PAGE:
The state of emergency has not affected the lives of our ordinary people because it has not restricted their fundamental rights and liberties; it is directed at the terrorist organisation. People do not usually want to live under such conditions, but the state of emergency has the support of over 80% of people because of their security concerns. France extended the state of emergency to a year after two terrorist attacks. I do not mean to belittle the attacks here, but there were more than 10 attacks in Turkey in the space of a year and we never considered a state of emergency. I hope that we can move on from this period as quickly as possible.

      Mr SEYIDOV (Azerbaijan, Spokesperson for the European Conservatives Group) – Foreign minister, welcome back to the Council of Europe. On behalf of the European Conservatives Group, I express my condolences to Turkey and to you while also expressing my gratitude to Turkey for fighting terror. You are fighting for the values that we share here. My colleagues have already asked about developments in Turkey, so what should we do here in the Council of Europe to support Turkey?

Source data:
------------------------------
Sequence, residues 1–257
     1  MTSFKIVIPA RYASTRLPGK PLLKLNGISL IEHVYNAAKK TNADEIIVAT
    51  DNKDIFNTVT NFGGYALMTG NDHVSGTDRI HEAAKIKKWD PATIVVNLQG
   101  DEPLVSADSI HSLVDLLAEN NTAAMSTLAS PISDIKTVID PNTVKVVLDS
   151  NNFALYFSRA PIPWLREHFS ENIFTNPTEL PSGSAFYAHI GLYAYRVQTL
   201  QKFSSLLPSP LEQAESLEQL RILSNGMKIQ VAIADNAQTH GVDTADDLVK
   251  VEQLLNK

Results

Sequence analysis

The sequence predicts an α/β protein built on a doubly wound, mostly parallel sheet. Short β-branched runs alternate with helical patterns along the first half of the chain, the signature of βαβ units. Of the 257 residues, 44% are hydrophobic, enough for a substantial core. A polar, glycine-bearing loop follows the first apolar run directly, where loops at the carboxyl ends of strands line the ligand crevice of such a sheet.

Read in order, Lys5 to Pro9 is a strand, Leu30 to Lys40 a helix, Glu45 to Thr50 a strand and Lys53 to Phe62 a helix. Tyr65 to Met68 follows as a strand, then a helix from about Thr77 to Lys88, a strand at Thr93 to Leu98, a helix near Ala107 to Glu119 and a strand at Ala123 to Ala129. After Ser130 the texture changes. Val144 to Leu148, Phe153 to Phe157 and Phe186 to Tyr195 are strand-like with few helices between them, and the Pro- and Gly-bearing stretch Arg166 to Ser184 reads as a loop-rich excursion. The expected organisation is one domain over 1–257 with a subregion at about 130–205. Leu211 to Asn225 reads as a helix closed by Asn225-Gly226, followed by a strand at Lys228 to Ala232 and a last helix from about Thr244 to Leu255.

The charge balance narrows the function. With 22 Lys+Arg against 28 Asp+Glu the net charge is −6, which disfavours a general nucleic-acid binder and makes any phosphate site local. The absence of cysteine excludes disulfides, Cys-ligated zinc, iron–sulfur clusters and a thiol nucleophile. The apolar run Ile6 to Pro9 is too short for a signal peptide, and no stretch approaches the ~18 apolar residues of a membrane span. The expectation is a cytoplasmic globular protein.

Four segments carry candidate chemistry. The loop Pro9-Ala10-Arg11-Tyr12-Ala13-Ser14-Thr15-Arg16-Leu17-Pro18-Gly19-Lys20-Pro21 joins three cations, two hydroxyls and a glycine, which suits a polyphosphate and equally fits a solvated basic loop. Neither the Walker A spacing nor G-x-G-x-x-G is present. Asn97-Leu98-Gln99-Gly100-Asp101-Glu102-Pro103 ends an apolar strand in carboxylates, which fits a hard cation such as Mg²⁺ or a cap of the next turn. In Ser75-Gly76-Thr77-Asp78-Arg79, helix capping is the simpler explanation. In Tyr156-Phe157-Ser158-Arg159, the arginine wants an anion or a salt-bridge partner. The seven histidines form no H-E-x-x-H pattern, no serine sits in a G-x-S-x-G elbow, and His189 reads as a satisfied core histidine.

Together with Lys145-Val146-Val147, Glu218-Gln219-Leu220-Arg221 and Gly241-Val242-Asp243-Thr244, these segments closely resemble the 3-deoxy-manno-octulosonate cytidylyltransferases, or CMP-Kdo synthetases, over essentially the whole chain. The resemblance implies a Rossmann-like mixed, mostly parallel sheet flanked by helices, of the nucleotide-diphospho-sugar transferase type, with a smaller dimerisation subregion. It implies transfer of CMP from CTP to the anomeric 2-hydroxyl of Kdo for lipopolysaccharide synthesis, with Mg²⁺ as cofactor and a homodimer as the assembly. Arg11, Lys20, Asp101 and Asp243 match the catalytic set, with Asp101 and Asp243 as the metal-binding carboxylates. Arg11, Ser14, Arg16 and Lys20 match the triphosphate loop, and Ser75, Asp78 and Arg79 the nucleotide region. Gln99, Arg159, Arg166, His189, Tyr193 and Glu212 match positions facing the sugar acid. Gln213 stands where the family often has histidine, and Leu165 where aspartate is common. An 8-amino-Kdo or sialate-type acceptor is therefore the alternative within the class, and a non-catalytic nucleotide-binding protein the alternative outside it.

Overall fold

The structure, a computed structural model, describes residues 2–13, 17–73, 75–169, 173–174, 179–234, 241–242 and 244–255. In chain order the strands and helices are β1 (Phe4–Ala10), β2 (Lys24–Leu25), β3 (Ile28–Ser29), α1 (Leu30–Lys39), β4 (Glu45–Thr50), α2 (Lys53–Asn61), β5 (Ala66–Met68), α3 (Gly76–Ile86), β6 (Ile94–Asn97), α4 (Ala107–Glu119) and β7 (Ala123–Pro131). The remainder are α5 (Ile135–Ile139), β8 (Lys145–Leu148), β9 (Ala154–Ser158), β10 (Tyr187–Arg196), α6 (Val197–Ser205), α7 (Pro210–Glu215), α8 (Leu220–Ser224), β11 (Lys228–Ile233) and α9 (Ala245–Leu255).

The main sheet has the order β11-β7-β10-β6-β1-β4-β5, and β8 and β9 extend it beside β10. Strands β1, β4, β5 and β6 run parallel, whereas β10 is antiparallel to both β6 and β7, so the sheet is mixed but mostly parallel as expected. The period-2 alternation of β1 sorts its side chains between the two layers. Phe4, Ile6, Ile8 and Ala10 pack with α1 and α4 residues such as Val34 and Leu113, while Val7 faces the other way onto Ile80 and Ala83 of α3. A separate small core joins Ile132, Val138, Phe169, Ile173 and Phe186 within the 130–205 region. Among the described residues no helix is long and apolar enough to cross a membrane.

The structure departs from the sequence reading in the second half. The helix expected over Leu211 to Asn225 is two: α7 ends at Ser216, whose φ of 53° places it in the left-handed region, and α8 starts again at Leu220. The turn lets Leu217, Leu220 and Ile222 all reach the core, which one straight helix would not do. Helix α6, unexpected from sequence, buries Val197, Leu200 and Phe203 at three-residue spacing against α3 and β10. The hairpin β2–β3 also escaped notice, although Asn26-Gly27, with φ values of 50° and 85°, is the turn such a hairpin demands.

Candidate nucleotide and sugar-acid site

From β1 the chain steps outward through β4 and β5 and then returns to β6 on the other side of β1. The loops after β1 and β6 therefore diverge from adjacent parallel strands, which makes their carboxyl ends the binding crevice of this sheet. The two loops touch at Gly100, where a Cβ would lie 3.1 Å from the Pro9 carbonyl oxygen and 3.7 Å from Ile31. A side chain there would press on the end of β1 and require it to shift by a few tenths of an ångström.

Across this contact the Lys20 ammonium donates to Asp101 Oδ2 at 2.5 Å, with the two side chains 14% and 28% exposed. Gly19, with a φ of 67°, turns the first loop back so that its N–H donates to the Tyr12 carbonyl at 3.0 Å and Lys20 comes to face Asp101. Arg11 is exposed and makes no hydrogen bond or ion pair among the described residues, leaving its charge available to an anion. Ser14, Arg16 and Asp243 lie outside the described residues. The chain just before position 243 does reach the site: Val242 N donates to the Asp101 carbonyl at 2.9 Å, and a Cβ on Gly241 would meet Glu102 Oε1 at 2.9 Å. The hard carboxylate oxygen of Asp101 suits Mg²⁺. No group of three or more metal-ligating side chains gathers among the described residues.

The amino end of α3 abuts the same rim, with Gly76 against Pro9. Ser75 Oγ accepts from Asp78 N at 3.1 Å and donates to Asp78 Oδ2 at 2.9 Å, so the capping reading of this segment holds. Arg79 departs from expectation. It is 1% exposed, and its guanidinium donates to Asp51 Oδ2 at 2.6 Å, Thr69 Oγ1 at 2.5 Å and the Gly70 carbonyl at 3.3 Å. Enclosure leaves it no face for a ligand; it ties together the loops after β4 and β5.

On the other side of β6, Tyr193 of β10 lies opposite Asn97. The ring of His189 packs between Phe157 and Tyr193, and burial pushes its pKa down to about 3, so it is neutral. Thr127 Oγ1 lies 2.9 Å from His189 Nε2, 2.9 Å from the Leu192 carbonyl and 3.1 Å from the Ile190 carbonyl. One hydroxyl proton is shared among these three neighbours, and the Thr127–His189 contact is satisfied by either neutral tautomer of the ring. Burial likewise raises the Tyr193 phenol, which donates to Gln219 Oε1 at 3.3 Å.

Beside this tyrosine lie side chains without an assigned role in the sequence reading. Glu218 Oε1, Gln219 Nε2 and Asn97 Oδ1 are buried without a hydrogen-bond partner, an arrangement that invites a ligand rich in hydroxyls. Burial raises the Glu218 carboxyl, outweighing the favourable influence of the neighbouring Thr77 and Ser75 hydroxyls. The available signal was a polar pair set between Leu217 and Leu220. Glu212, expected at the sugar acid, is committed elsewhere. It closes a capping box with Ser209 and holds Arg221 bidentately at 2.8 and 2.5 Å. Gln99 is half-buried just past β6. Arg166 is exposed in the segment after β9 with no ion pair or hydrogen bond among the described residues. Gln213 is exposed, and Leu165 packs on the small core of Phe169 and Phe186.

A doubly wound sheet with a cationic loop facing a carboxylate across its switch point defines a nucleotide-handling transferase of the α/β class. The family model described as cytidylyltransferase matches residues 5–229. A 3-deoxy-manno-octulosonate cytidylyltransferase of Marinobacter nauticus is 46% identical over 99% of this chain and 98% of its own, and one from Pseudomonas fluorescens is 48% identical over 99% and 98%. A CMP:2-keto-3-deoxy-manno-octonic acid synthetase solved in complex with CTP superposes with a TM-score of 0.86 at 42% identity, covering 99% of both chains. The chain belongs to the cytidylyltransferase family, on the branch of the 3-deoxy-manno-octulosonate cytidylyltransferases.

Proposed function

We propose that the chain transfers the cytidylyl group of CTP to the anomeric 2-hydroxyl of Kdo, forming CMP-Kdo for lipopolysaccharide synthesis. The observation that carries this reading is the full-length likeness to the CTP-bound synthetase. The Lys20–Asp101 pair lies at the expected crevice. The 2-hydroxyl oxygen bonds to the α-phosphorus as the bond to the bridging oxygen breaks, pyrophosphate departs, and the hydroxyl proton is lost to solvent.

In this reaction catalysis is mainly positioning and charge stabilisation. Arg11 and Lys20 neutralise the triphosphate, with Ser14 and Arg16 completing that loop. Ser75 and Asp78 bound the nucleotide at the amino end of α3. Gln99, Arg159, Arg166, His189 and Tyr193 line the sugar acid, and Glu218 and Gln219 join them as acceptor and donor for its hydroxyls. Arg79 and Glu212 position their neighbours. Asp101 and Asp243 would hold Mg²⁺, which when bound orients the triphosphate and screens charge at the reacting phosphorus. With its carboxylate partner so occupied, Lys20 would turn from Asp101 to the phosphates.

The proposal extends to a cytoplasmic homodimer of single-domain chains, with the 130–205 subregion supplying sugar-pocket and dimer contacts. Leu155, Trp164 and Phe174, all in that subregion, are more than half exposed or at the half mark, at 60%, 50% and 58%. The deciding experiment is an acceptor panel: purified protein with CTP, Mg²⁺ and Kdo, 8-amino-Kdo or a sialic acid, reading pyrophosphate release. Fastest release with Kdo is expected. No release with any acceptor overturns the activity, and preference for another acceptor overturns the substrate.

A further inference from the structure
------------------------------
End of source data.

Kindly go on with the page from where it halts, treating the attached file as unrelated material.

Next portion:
Mr ÇAVUŞOĞLU* – Thank you for that question and for your support. From its president to its people, the brotherly country of Azerbaijan has really supported us. When our people were holding democracy watches, our Azeri friends also kept watch with both Turkish and Azeri flags. This is a difficult period and any country would want to feel the presence of friends, but that does not mean that those friends will agree with everything that you do or support you at every step. Under such circumstances, one looks for suggestions and constructive ideas because they are important when trying to overcome difficult situations when double standards and hidden agendas must be abandoned. Most of the Council of Europe, including the Secretary General, the Committee of Ministers and many members of the Assembly, does exactly that. From this point forward, we want more dialogue and more engagement with friends in the Council of Europe. When delegations from the Council of Europe arrive in Turkey, we are ready to provide any necessary facilities. We will continue to work with the Council of Europe because we want to continue to be an important partner of this Organisation.